Friday, 21 March 2008

Universe Awareness and the UK Space Conference

Last month I had the opportunity to attend the 3rd Multidisciplinary meeting for Universe Awareness at the Lorentz centre in Leiden, Netherlands. I attended the 2nd meeting in 2006 and some of the old faces were there .

The great thing about Leiden is the amount of gorgeous restaurants available dotted around the town centre. Here we are at the Argentinian steak house which was the choice of our Columbian friends, they made a good choice!

UNAWE UK currently exists as a pilot project based in Greater Manchester schools but as UK Coordinator the next few weeks will see plans to roll this out nationwide materialise. The BA are very keen to have astronomy themed projects for young investigators and CREST Awards avaialble for IYA 09 and this is something I am currently developing to encourage school children from 5 years old up to participate in school.

If I had the opportunity to do that when I was 5 I would have been well chuffed! On a serious note engaging pupils in STEM from an early age will give children the opportunity to develop their skills and keep their interest in science alive during that transitionary period between primary and secondary school. The comparison of statistics of students going into STEM careers in Britain, and many of the G8 nations compared to India and China makes fascinating reading. With a drop out rate larger than most nations is it any wonder pupils are choosing other careers when there is practically no visibility for STEM related jobs? Gone are the days when we had a science minister migrating from a STEM Background.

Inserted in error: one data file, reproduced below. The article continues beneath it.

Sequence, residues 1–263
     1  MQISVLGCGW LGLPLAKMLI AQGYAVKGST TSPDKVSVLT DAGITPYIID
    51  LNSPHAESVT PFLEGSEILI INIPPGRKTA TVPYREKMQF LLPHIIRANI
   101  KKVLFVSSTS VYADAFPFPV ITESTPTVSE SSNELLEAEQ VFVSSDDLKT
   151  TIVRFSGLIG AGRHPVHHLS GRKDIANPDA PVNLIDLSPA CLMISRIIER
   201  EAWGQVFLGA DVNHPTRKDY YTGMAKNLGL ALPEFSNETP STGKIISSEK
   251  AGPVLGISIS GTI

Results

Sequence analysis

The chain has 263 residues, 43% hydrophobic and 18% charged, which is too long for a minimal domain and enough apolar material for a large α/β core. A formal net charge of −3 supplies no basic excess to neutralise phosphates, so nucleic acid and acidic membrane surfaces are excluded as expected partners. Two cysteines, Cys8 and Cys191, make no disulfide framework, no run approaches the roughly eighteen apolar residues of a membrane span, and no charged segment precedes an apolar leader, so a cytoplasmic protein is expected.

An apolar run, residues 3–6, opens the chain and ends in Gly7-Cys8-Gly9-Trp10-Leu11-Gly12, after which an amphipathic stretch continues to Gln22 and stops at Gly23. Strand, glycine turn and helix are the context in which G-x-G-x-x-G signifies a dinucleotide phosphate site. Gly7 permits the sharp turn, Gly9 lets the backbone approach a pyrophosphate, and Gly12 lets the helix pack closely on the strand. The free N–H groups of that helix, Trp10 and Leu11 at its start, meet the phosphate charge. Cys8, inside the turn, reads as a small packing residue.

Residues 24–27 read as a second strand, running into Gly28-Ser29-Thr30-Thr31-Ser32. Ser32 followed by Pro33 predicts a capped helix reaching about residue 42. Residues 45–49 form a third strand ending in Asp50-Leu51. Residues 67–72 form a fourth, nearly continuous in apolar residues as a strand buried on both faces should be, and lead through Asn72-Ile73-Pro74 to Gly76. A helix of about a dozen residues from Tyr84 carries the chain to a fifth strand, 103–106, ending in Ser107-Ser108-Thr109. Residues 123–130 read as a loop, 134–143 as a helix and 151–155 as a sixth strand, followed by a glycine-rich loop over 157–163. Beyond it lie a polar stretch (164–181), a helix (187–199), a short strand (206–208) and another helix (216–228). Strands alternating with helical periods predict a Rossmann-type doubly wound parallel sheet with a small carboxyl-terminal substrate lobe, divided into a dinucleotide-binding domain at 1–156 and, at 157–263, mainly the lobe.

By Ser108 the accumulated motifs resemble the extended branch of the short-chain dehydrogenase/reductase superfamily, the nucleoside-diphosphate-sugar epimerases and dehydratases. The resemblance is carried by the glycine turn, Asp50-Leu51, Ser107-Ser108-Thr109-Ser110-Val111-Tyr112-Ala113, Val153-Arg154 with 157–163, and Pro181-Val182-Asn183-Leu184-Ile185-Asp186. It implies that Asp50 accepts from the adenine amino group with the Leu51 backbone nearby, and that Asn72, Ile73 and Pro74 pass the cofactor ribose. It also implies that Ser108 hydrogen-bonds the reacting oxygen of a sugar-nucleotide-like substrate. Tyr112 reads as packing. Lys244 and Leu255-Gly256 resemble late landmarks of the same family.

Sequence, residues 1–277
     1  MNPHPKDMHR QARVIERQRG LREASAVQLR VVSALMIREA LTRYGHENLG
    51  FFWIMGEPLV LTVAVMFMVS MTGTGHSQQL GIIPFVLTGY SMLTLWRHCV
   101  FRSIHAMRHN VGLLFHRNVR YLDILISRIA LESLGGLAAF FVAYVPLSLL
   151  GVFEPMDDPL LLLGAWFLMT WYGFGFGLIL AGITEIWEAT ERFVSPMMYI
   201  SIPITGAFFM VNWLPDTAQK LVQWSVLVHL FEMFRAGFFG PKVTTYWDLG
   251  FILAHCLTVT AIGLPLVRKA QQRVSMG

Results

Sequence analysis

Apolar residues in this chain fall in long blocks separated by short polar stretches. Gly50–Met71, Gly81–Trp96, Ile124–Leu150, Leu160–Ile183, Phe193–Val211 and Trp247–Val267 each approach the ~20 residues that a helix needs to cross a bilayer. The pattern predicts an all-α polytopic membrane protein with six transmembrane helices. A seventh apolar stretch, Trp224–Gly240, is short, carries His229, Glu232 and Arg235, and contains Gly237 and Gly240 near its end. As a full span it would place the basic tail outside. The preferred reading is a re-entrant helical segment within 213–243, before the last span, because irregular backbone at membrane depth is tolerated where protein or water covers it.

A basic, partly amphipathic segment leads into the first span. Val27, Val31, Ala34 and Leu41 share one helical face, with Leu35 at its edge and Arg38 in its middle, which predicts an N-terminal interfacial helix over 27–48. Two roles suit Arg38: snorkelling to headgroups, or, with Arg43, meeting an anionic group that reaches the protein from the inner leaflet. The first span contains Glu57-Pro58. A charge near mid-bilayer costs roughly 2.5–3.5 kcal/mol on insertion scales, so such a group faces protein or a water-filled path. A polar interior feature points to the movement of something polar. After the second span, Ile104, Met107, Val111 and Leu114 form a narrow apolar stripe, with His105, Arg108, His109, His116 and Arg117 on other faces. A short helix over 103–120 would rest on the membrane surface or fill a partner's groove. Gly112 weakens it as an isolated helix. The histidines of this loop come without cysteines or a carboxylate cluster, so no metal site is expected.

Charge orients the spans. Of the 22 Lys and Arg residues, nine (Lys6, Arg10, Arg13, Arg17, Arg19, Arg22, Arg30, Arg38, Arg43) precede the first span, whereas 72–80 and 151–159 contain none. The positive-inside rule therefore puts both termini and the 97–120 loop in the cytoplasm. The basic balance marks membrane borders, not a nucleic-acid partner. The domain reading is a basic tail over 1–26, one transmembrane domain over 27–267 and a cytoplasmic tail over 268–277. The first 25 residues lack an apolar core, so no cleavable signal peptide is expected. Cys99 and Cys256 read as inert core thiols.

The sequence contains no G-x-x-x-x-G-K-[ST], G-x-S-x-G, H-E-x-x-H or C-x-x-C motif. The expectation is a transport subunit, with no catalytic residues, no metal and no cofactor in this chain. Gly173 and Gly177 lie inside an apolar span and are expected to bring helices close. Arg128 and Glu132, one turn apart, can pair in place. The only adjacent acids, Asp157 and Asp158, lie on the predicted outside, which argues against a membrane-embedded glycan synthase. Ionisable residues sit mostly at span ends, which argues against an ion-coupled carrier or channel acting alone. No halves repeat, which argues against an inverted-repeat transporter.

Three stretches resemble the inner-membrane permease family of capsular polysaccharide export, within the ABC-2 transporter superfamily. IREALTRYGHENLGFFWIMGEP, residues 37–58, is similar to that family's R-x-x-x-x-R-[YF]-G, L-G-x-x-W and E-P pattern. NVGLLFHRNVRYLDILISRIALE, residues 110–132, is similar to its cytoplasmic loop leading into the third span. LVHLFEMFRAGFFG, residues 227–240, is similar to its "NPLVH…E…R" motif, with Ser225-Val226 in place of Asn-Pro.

Careers and visibility of routes into STEM jobs will be something that as a collective the Space Education Council hopes to tackle Check out the draft programme available now online for the careers day.

Saturday at the conference will see the final of the UKAYRoC competition, a few weeks back we had some amusing catastophes with two Bolton based schools. The aim is to launch two raw hens eggs to a height of 700 feet and to guide these safely down to then enter the final. Unfortunately both rockets with altimeters attached ended up as mushy cardboard spattered on the ground after impacting at speed with the asphalt, tip - make sure you invest in decent parachutes if attempting to enter for next year! Thank goodness the winds were blowing in the right direction on this day, the testing grounds of Bolton TIC are right next to Bolton Royal Infirmary. Perhaps scrambled egg and cardboard could be a new menu item? One of the rockets very nearly headed for a hospital ward window!

No comments: